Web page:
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Donald Trump and Facebook need each other


That’s a crucial distinction. Trump might feel bitter about his expulsion from Facebook, but it could be hard to resist the platform’s utility for spreading a political message and raising money for his 2024 campaign.

While Trump has more followers on Twitter and the platform was useful for delivering headline-grabbing messages aimed at the media, those who follow him on Facebook skew older and are generally more sympathetic and supportive to his cause. Facebook has always held greater potential for grassroots campaigning, allowing him to target specific demographics with longer, more detailed posts, memes and videos.

Trump made a commitment to primarily post on his Truth Social network — which would seem to deter him from platforms like Facebook — but the arrangement has plenty of wiggle room.Credit:Getty Images

With a user base north of 2 billion people, Facebook also offers a much wider audience than Twitter’s, which has about 360 million monthly active users, according to data compiled by Bloomberg. It’s no surprise that Trump’s 2016 campaign spent 80 per cent of its digital budget on Facebook, and that his new campaign team has now written to Meta demanding his reinstatement.

For Zuckerberg, Trump’s potential return is complicated. The former president used Facebook to say that COVID-19 was “less lethal” than the flu, attack his political opponents and post hashtags that raised the credibility of QAnon conspiracy theories. His actions put Facebook under enormous pressure to switch up recommendation algorithms that were steering people toward extremist groups and to dampen the spread of misinformation even though such content boosts engagement integral to Facebook’s business model.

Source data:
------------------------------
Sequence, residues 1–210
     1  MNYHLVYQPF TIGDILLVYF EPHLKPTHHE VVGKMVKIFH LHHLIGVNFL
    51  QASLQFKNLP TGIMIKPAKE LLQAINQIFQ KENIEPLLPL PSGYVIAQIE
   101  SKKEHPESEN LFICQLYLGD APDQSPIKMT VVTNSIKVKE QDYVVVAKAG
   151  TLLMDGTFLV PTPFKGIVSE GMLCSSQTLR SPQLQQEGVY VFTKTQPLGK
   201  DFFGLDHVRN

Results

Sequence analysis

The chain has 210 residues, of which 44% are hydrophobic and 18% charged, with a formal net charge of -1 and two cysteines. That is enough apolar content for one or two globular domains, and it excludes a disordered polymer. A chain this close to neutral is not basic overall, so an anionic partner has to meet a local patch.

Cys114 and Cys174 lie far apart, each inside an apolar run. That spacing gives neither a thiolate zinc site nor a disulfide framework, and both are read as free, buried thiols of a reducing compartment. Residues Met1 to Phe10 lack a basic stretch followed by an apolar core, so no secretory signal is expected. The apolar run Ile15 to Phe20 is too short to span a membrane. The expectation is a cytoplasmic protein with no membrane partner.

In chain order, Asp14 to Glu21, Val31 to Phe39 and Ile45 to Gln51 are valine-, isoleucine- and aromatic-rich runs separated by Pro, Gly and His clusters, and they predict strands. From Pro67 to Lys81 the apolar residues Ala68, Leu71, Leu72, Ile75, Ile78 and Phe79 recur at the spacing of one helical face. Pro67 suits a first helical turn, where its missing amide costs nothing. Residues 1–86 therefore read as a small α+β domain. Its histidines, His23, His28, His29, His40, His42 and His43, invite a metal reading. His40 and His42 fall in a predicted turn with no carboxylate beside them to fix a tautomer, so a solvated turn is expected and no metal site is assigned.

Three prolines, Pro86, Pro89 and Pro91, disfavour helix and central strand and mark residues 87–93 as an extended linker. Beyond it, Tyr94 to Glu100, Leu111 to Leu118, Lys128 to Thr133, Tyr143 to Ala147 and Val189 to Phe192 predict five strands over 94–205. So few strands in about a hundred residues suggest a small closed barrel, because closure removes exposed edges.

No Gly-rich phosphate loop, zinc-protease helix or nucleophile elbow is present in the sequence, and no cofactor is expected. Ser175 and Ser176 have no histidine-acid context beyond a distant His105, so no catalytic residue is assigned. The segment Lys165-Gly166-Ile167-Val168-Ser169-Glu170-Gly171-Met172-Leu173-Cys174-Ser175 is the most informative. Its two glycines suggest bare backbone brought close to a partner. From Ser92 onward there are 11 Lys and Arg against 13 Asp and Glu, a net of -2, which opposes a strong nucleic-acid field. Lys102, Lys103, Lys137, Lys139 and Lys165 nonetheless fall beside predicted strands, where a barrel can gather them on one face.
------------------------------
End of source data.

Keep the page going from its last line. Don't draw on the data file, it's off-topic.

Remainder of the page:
One thing that should help Zuckerberg breathe easier: Academic studies over the past two years have shown that social media firms are getting better at stopping foreign manipulation on their networks, and Facebook has come under less pressure to censor specific content unless it constitutes direct harm, like harassment. Alex Stamos, Facebook’s former chief security officer, said on a podcast in January that social media firms needed to “resist trying to make things better” and focus on stopping things from getting worse — in other words, preventing harmful content from going viral.

What’s unclear is how long Trump’s return might last. Last year Facebook promised a “strict set of rapidly escalating sanctions” including the threat of permanent removal if Trump violated the platform’s policies again. If Zuckerberg is hoping Trump will stick to the rules this time around, he only has to look at the former president’s increasingly unhinged posts on Truth Social. His return could well be a brief one.


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